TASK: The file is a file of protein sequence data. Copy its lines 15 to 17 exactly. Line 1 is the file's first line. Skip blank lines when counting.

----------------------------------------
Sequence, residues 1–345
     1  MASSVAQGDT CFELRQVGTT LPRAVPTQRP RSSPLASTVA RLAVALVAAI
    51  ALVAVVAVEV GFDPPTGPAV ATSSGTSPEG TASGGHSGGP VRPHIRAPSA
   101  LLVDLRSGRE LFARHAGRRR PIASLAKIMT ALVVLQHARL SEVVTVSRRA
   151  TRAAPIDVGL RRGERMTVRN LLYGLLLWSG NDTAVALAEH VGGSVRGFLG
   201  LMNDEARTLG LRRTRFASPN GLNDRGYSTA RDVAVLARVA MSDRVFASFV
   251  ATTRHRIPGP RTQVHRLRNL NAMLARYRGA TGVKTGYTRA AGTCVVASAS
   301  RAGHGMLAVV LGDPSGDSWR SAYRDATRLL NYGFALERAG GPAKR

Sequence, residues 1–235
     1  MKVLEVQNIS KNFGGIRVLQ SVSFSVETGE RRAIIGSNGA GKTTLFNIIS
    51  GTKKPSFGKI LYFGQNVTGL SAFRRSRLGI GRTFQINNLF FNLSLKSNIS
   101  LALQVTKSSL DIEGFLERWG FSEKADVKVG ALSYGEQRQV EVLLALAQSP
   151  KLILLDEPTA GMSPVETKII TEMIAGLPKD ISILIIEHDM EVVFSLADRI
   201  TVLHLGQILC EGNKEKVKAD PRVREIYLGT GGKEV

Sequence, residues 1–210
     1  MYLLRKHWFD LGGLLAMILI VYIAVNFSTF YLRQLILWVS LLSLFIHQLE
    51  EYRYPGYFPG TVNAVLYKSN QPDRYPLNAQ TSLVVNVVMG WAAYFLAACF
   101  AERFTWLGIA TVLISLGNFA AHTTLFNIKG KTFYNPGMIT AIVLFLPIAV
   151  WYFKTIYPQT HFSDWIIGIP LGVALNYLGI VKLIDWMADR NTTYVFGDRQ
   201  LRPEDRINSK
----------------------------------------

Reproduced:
Sequence, residues 1–210
     1  MYLLRKHWFD LGGLLAMILI VYIAVNFSTF YLRQLILWVS LLSLFIHQLE
    51  EYRYPGYFPG TVNAVLYKSN QPDRYPLNAQ TSLVVNVVMG WAAYFLAACF